The Indigenous Cultural Competency for Legal Academics Program (ICCLAP) aims to increase the inclusion of Indigenous cultural competency in legal education. This will improve Aboriginal and Torres Strait Islander student outcomes in law as well as developing Indigenous cultural competency in all students. This will lead to better legal service delivery for Indigenous communities in the long term.
ICCLAP is a cross institutional project involving five universities including the University of New England, University of Technology (Sydney), RMIT University, Australian National University, and Queensland University of Technology. The project is funded by the Australian Government Department of Education and Training.
The Indigenous Cultural Competency in Law: Deliberating Future Directions Workshop was held in September 2017 to bring together legal academics and key stakeholders to develop guiding principles and strategies to promote the embedding of ICC in law curricula. Presentations from leading Indigenous lawyers and legal academics were featured at the workshop to stimulate reflection and discussion. The Workshop Final Participant Report (2017) outlines critical success factors and barriers to incorporating ICC in curriculum, together with guiding principles and priorities for action to incorporate ICC in legal education.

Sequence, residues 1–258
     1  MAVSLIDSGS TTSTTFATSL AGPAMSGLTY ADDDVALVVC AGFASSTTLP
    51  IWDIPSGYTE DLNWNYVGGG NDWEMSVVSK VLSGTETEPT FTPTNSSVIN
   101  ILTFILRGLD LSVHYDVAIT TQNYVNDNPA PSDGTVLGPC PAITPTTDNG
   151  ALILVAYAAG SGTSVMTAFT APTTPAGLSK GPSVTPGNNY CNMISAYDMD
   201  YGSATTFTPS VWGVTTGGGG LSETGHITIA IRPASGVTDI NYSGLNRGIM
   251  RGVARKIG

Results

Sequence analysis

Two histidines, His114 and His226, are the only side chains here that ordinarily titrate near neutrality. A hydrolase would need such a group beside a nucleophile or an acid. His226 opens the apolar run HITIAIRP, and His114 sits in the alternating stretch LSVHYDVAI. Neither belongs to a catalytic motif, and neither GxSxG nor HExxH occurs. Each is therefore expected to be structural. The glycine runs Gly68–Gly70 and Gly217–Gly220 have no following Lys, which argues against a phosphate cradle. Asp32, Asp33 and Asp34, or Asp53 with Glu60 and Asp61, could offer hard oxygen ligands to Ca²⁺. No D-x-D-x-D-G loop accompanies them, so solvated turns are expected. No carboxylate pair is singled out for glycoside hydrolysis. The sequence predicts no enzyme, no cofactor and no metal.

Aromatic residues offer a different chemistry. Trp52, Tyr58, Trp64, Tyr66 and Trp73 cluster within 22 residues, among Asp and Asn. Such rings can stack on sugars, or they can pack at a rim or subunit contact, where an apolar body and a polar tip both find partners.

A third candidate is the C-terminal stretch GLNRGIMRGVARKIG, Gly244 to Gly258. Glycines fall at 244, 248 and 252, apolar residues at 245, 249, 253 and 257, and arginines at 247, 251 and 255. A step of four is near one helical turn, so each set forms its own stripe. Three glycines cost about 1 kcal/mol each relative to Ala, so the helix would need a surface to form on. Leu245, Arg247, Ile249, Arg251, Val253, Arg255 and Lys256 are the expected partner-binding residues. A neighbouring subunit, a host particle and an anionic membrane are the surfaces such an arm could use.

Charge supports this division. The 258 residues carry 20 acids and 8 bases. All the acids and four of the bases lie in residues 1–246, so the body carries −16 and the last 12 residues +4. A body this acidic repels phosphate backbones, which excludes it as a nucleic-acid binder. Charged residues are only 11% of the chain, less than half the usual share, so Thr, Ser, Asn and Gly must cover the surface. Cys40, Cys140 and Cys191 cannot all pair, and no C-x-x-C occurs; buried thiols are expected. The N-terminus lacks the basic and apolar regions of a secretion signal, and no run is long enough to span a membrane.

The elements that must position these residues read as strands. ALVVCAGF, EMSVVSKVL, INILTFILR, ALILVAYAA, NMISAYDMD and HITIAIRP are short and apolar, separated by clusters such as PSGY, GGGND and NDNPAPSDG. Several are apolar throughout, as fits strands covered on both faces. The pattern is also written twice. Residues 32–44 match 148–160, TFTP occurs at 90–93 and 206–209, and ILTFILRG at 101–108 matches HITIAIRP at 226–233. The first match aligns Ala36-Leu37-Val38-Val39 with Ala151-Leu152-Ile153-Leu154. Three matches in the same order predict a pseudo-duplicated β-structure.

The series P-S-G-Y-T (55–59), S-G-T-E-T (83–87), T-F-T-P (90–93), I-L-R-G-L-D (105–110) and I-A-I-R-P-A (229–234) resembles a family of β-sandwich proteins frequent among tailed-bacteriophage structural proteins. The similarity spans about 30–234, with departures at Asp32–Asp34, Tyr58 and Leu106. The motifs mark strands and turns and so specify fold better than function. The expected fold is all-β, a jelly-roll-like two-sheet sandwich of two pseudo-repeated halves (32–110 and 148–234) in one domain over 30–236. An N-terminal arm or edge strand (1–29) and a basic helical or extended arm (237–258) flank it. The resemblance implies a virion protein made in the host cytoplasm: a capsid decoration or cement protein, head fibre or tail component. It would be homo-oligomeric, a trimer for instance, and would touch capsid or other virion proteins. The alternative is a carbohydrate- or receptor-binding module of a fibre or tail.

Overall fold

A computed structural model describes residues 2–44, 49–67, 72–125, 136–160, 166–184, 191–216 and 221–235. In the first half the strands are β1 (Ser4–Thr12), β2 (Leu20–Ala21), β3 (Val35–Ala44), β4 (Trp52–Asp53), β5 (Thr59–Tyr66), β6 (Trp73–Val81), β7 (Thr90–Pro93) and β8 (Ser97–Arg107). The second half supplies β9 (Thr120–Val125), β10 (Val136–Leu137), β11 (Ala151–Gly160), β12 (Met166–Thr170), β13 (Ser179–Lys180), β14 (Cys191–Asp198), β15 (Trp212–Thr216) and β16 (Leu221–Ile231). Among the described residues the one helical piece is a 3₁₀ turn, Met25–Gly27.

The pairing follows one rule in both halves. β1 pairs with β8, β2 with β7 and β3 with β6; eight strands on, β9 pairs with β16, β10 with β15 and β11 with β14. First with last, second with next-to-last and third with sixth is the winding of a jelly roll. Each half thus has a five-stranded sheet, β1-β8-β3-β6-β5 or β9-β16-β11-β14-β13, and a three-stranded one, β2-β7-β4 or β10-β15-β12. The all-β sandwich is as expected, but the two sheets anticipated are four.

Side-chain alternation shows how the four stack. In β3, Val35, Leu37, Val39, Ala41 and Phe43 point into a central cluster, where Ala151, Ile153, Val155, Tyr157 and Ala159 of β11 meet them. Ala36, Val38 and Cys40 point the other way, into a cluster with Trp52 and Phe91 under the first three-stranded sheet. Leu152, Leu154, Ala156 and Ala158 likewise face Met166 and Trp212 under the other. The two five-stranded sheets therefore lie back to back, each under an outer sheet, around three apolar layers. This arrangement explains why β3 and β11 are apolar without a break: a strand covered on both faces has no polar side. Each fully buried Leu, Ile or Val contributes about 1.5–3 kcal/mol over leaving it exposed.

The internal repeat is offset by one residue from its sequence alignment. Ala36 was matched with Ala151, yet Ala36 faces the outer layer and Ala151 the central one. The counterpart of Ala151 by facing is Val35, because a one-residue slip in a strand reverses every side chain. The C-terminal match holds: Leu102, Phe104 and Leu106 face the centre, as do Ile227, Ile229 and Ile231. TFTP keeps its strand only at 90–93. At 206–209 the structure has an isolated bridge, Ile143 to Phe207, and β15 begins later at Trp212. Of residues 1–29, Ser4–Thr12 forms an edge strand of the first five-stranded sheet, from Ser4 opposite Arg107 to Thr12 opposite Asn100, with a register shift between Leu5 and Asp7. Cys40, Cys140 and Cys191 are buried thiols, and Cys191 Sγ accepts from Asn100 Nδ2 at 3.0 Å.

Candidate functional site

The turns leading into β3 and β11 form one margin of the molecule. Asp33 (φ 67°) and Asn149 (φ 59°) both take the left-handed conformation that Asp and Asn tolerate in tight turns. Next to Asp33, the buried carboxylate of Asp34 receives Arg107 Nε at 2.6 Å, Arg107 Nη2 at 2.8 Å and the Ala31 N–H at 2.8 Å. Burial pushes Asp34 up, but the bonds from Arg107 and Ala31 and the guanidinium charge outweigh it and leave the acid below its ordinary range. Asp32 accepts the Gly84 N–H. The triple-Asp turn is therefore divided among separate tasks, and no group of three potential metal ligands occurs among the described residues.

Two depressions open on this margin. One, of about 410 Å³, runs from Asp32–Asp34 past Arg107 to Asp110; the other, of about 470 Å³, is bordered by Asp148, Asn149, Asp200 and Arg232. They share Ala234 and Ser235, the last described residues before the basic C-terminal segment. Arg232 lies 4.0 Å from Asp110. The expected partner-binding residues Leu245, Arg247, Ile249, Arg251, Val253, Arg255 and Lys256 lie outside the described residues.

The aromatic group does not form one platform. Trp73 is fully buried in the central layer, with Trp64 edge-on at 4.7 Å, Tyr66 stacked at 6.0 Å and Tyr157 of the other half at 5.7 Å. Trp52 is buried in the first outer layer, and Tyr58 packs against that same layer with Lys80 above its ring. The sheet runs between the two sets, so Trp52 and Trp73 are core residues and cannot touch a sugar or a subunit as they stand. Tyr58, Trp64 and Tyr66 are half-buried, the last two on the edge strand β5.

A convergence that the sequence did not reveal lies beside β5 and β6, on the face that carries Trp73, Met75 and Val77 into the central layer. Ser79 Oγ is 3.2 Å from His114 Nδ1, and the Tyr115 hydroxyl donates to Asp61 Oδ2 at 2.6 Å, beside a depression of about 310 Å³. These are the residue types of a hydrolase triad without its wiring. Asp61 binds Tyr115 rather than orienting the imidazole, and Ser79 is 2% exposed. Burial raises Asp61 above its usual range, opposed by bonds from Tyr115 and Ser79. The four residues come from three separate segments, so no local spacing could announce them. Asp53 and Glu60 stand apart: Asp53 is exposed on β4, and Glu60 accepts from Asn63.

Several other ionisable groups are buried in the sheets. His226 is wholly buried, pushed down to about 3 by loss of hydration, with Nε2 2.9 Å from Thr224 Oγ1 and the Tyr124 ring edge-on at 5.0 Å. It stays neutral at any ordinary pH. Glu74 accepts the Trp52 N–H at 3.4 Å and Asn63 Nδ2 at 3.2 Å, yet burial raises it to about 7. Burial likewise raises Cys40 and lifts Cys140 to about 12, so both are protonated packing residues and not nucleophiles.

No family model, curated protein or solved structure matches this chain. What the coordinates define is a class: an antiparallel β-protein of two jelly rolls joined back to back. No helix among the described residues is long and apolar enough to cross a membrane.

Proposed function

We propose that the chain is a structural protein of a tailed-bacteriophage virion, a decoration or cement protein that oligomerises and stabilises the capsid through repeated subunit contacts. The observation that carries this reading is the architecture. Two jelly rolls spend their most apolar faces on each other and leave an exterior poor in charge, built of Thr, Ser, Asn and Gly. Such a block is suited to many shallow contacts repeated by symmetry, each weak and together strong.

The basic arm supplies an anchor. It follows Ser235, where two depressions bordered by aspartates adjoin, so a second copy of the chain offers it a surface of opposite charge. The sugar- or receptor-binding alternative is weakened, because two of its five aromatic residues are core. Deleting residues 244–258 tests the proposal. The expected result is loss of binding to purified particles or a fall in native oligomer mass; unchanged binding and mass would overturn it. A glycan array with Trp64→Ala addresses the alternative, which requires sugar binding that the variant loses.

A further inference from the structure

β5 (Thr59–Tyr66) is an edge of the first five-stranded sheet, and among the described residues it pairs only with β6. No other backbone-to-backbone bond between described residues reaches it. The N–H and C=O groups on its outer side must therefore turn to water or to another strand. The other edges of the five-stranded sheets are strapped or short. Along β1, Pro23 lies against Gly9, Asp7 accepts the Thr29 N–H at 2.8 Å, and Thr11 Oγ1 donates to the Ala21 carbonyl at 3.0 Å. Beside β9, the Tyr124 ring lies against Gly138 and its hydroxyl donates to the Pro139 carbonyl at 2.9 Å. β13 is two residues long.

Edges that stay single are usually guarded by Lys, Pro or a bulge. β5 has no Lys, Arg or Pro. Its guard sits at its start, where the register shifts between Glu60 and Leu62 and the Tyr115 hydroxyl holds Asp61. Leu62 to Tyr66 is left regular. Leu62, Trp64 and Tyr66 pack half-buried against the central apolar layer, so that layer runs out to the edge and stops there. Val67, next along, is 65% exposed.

The ICCLAP Final Report was released by the Department of Education and Training in June 2019. The report outlines the project’s aims and objectives, literature review and research process, together with key findings including guiding principles for embedding ICC in legal education, and suggested content for curriculum. The report is available at https://ltr.edu.au/resources/ID14-3906_Burns_FinalReport_2019.pdf
Universities Australia (UA) have renewed its’ commitment to support Indigenous student success with the recent launch of its Indigenous Strategy 2017-2020, developed in consultation with the National Aboriginal and Torres Strait Islander Higher Education Consortium (NATSIHEC).Read more
ACKNOWLEDGEMENT OF COUNTRY
We acknowledge the Traditional Owners of Country throughout Australia and recognise their continuing connection to land, waters and culture. We pay our respects to their Elders past, present and emerging.
Support for this project has been provided by the Australian Government Department for Education and Training. The views in this project do not necessary reflect the views of the Australian Government Department for Education and Training.
School of Law, University of New England
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